Second, kudos to the RCMP for their diligent followup. It is nice to see that “white collar” crime is finally attracting increased surveillance and review. I wish Canada Revenue Agency would take a lead from their example and start pursuing business syndicates and corporate crime more thoroughly instead of chasing down small business people and individual taxpayers.

    Third, while the financing of these developments is a concern, what is equally a concern is the number and viability of these ventures. When you just look at the sheer volume of these development applications, and the suddenness with which they have appeared, one has to be a little suspicious/concerned. Developers are great at marketing and public relations, but their business and financial skills are typically lacking. Their capacity for overextending themselves is amazing as folks like Robert Campeau and Peter Pocklington can attest.

    My bigger fear though is that with the combination of government imposed buying restrictions in the housing market, increases in the bank rate, and the very real possibility of bankruptcies/investigations/reviews into many of these developments, and we could see our city dotted with construction cranes on unfinished high rise developments, empty downtown lots, and dozens of prospective homeowners who may lose thousands on down payments.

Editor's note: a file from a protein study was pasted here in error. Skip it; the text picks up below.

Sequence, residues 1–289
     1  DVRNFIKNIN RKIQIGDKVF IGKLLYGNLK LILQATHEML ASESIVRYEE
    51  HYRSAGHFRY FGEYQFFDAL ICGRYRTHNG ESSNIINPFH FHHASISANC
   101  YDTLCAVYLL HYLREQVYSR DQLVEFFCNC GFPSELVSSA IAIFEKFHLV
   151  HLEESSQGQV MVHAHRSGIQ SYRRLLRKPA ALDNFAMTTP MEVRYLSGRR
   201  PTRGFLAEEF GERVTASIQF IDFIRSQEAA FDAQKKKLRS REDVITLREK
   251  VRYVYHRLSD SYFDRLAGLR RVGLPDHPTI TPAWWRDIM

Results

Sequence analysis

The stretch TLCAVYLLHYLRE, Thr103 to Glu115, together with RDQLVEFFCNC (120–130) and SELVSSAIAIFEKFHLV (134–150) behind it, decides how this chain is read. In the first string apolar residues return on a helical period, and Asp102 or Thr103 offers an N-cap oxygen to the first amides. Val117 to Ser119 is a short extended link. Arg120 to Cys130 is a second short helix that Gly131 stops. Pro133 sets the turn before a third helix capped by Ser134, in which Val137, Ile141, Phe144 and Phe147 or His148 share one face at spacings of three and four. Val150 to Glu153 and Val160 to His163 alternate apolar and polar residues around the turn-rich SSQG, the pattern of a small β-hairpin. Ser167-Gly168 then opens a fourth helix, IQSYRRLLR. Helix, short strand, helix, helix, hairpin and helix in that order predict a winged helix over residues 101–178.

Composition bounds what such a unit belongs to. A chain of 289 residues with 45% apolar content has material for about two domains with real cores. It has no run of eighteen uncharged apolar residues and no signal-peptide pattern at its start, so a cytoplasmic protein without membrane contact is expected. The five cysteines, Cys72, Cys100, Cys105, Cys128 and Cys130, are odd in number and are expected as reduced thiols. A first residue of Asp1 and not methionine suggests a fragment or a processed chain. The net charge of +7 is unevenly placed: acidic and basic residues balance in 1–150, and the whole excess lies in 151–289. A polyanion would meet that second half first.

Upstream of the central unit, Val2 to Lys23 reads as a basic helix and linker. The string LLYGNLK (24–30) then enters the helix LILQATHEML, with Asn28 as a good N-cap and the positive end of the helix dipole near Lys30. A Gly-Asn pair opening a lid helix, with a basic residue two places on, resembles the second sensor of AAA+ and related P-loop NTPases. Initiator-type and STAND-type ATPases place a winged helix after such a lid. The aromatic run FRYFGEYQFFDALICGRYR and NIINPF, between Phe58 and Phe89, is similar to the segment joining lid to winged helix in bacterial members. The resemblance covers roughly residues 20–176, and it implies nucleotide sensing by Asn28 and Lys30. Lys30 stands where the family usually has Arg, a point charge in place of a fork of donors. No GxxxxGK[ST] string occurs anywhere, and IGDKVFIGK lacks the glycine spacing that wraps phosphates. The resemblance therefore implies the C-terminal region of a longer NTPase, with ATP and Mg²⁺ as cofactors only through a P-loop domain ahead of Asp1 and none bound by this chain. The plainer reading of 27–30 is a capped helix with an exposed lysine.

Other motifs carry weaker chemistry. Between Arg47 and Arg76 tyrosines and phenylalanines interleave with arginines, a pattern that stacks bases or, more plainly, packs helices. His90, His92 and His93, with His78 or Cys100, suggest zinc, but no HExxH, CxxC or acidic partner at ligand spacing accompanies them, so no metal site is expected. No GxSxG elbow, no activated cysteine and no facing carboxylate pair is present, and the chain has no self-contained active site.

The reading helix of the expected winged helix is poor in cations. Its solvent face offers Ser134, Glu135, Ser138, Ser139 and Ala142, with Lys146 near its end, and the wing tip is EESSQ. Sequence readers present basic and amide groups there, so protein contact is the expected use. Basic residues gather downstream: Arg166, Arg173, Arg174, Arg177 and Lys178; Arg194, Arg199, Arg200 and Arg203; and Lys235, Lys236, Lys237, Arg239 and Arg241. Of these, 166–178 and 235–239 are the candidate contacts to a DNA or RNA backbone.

Burlington is not the only community with concerns:

    http://www.iheartradio.ca/610cktb/news/more-problems-could-be-brewing-for-port-dalhousie-development-1.3598834

    To quote from the article: “City Councillor Carlos Garcia tells CKTB he has always been concerned about Fortress’ reputation. He says it has to be a huge blow to have a lead staff member at Fortress have his licence suspended and he wonders how that will impact funding for projects moving forward”.